Evicted: Poverty and Profit in the American City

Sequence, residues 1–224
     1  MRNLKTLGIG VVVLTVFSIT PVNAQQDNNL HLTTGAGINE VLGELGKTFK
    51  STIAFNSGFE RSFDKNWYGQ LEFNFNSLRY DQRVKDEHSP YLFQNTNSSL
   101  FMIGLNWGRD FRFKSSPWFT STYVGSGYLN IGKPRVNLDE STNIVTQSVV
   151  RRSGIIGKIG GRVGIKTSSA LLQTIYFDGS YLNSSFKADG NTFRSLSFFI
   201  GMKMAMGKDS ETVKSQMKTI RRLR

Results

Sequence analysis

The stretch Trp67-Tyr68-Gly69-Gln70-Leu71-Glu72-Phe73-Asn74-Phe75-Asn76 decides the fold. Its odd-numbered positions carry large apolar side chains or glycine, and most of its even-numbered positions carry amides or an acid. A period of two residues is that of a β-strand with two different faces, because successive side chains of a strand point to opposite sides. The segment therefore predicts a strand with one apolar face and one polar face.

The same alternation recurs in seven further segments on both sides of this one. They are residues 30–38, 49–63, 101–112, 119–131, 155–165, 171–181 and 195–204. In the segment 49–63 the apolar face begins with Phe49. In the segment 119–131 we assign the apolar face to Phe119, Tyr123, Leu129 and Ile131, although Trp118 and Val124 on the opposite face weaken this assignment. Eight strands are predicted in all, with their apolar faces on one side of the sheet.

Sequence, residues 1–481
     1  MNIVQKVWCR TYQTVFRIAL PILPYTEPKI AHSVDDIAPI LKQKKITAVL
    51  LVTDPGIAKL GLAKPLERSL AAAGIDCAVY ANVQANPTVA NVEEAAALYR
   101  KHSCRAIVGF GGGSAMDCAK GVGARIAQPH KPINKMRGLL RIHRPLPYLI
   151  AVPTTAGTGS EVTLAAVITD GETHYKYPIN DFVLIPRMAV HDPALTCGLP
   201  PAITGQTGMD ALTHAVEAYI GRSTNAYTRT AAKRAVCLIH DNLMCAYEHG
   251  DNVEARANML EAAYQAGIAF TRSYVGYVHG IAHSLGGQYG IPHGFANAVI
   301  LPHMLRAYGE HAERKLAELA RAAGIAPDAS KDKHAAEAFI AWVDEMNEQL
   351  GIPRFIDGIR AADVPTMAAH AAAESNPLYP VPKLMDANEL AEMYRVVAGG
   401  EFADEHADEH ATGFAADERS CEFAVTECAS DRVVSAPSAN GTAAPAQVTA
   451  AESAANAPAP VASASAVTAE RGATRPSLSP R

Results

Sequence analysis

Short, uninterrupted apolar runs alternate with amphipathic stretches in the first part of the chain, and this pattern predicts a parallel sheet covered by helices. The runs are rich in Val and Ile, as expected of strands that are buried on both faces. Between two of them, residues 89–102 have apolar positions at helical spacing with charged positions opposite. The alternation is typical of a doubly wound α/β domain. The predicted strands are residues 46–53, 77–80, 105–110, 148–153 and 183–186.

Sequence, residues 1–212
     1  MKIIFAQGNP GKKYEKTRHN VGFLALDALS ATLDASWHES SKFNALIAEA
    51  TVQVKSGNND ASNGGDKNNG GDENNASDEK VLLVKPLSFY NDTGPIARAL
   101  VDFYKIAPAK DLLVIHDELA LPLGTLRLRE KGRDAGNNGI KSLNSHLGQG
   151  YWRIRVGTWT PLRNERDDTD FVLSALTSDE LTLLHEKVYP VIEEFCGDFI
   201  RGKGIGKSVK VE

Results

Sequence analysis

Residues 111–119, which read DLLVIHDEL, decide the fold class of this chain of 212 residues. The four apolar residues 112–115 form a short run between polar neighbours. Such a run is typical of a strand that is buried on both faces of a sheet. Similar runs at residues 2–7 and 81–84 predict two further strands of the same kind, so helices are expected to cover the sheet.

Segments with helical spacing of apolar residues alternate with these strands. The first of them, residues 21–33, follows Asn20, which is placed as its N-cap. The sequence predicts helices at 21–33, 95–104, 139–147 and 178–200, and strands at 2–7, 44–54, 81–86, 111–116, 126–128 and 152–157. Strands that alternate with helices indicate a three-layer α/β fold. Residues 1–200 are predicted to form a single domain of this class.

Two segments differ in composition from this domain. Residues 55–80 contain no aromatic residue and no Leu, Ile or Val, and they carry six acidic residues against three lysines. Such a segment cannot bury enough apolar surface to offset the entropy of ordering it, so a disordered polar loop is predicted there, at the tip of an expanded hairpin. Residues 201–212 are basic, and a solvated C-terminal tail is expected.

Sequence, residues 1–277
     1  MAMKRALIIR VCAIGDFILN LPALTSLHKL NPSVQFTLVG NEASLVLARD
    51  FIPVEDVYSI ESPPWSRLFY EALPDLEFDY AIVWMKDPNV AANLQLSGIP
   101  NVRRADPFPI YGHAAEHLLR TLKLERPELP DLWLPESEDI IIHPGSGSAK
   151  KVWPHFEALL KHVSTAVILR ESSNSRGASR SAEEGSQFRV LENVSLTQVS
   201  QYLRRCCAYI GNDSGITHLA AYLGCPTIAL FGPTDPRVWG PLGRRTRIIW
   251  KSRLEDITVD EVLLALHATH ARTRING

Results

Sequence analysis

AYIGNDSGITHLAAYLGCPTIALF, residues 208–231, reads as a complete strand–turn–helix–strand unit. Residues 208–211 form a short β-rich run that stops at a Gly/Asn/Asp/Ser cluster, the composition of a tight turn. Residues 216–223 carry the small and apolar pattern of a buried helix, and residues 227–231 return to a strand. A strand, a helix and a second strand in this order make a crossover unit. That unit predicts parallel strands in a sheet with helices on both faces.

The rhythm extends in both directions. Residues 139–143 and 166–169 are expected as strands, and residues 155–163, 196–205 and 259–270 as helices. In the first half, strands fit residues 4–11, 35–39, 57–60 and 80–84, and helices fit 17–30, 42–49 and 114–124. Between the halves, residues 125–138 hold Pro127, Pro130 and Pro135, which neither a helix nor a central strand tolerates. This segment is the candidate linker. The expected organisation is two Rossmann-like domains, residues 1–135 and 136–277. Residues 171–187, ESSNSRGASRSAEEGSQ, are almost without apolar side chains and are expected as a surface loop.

You need to read this book. It’s deeply upsetting. Some chapters are tough to get through due to sheer distress. Every chapter you’re taken deep into the poorest neighborhoods of Milwaukee and the crisis going on every day: evictions, drug addictions, lack of food, bathtubs filled with dishes, inhumane living conditions, children switching schools twice a year, neglect from family and government, and irresponsible landlords. Every page, it feels, there’s a new, real nightmare facing a poor family. Desmond, the author, spent time on the ground himself in the trailer parks and with the families to get a first-hand account. The book uses these stories to present the large-scale data to show that this is not an isolated problem in these families, or in Wisconsin, but rather something happening all over the country where it’s not uncommon to spend 95% of your income on housing. The Housing Crisis, as Desmond puts it. Evictions are more common than you think. The emotional stress they induce and its cascading effects are documented extensively in this book.